And this declarant further saith that in the month of June of the following year (1779) he was drafted into a company of Militia as a Corporal under the immediate command of Lieutenant Martin Mommell [Humble] and Major Adam Wynkoop (2) the Capt. of any not recollected. That he was called into service this time mainly for the purpose of guarding provisions sent from Albany to Fort Stanwix. That in the execution of of [sic] this duty and during this time he served about five months. But that he does not recollect what portion of said term he served as a corporal but thinks it was but a short time perhaps two or three weeks. And this declarant further saith that in the fall of the same year he was appointed to the office of Ensign in a company commanded by Capt. Mathias Brown (3) and in the Regiment commanded by Col. Samuel Clyde and was immediately called into the service and served under said officers for the term of four months. That this service was performed at different points along the Mohawk River and its vicinity. That soon after the termination of the aforesaid service this declarant together with his former Capt. Mathias Brown and their families were driven from their residences in Schoharie County by the enemy and they together with the people in that vicinity generally fled to a place in Ulster County then called the West Camp and in this took place in the summer of 1780 (4) he was drafted into the service in a company of Militia under the command of Capt. Isaac Bogart (5) and Col. John Harper’s Regiment as a private That this time he was marched to Fort Stanwix and guarded a supply of provisions and served [?] their three months. And this declarant further saith that some time in the following fall he was again called into service, under the last named officers and marched to the same station at Fort Stanwix  where the served for between three and four months. This declarant also states that his commission as Ensign was signed by George Clinton Governor and was in his possession until within the last fifteen or twenty years since which time he has no recollection of seeing it. That the sword that this declarant used and wore in the service of his country as an Ensign was kept & retained in his possession until within the last eight years when the blade was worked up into knives and other articles by one Pete Weatherwax, but that the hilt is still retained in the possession of this declarant and that his military coat has been in his possession until within the last five years. That he has no discharges or other documentary evidence of the services rendered by him in his possession and that he knows of no person whose testimony he can procure who can testify to his services except those hereunto annexed.—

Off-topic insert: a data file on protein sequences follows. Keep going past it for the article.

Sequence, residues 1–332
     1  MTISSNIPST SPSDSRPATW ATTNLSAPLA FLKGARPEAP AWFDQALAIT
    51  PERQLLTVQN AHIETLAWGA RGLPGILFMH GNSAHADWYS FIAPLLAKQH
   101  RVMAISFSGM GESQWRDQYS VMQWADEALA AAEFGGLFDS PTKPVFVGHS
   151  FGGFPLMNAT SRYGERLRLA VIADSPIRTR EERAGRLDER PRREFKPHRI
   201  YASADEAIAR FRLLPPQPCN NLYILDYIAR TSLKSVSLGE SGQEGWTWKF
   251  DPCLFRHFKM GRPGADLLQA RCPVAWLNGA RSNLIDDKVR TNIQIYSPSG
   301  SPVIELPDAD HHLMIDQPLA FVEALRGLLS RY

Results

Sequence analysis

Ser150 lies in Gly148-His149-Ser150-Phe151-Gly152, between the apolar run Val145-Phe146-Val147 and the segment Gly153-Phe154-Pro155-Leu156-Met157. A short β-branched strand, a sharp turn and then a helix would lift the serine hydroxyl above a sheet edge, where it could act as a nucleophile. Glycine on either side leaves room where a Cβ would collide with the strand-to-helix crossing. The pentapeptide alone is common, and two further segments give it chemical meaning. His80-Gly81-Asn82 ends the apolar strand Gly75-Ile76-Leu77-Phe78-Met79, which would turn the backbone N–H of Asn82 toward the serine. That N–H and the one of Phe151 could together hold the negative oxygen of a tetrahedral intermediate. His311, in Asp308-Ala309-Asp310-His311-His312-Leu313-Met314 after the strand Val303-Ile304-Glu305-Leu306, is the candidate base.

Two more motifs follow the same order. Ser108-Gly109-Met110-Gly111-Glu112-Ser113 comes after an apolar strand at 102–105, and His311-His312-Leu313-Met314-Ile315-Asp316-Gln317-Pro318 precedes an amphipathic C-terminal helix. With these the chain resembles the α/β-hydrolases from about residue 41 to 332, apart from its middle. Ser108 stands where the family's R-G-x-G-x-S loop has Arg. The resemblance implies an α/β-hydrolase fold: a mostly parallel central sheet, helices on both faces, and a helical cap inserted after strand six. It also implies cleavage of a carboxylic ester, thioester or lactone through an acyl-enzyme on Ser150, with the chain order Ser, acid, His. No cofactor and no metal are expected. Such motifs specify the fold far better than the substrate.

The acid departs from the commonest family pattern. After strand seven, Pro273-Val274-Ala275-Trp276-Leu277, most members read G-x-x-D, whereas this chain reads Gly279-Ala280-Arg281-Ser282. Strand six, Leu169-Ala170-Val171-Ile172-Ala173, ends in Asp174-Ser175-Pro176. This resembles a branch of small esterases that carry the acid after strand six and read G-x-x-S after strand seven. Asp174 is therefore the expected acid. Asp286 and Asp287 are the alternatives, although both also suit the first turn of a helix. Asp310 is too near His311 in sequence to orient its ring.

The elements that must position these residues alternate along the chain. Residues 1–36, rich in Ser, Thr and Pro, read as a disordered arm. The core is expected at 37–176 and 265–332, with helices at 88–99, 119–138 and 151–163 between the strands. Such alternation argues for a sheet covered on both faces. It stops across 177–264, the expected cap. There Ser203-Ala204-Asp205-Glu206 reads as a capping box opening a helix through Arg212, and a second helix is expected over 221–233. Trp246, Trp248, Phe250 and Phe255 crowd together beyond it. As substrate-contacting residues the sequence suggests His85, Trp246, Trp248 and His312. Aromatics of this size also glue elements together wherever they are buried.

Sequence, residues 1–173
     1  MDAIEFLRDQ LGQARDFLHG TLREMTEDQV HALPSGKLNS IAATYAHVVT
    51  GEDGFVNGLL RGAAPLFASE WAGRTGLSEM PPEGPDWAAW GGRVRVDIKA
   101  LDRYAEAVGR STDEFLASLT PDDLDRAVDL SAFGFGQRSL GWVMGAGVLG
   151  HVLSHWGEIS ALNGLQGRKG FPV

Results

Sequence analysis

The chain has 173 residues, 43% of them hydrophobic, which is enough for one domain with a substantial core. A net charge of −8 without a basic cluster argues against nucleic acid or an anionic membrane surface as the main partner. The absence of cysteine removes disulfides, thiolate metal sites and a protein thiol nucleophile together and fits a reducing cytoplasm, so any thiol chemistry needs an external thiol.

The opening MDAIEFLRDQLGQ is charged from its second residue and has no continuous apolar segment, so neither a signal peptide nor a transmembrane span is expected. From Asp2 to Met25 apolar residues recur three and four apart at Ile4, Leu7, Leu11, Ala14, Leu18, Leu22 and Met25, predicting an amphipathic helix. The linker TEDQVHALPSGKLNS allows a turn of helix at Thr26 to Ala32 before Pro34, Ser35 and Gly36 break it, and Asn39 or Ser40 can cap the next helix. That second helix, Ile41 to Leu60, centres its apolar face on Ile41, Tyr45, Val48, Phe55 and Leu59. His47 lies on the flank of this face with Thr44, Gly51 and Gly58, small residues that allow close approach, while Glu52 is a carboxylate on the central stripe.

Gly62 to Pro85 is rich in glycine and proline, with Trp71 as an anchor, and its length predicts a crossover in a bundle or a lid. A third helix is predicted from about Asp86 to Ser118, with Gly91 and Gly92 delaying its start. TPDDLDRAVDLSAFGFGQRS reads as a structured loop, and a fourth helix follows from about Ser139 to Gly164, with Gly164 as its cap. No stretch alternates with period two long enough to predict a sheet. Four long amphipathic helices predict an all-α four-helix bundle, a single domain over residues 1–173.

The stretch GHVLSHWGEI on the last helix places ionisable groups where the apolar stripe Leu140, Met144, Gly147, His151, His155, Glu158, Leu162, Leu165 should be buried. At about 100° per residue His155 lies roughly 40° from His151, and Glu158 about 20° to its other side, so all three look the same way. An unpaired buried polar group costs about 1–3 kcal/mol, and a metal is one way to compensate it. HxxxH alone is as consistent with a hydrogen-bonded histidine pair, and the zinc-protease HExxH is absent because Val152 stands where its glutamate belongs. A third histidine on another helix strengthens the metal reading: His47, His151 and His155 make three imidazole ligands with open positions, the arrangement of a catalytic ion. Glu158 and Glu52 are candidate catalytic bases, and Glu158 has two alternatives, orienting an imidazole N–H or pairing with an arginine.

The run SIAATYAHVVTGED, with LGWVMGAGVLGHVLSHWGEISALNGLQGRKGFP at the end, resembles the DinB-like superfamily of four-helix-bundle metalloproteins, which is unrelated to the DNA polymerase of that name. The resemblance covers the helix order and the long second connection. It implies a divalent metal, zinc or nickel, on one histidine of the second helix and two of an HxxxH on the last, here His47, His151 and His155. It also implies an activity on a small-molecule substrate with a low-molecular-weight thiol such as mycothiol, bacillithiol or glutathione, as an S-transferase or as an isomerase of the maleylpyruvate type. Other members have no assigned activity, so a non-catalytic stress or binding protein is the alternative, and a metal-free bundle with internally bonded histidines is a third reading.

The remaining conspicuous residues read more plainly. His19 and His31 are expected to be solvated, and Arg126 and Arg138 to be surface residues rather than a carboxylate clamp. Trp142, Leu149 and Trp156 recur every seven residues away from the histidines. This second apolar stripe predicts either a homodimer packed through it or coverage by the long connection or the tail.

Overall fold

And for the services above named he claims a pension and arrears of pension from March 4th 1831 to the present time. And he hereby relinquishes every claim whatsoever to his pension or arrears of pension or annuity except the present and declares that his name is not on the pension list Roll of any agency in any State. (Signed with his mark) Jeremiah Youngs.
Subscribed and Sworn the day and year aforesaid before me, and I certify that the declarant Jeremiah Youngs, is unable to attend court by reason of old age & bodily infirmities. John Wistom, Judge of Schoharie County Courts.
Reply to a letter of inquiry dated December 29, 1923
I have to advise you that from the papers in the Revolutionary War pension claim S.9533 it appears that Jeremiah Youngs, the son of Peter, while living in Rinebeck (Which was later Carlisle), Schoharie county, New York, enlisted April 1, 1778 and served nearly nine months as a private in Captain James Dickenson’s Company, New York Troops.
He enlisted in June 1779 and served five months as private and Corporal under Major Adrian Wynkoop, and in the Fall of 1779 was appointed Ensign and served four months in Captain Matthew Brown’s Company, Colonel Samuel Clyde’s New York Regiment.
In the summer of 1780 he enlisted and served over two months as a private in Captain Isaac Bogart’s company, Colonel John Harper’s New York Regiment, and in the Fall of 1780 he enlisted and served between three and four months as a private in the last named Company and Regiment.
He was allowed pension on his application executed June 13, 1844, a resident of Seward, Schoharie County, New York aged eighty-nine years. He died in said Seward on March 3, 1845 leaving no widow, but the following children:
Martines aged 49 years in 1844
Cornelius aged 47 years in 1847
Adam living in Seward, New York in 1851
Laura (or Lana)
A grandson of soldier, Jeremiah P. Young, was living in Seward, New York in 1852. The name of soldier’s wife is not stated.
End Notes—Jeremiah Youngs S.9533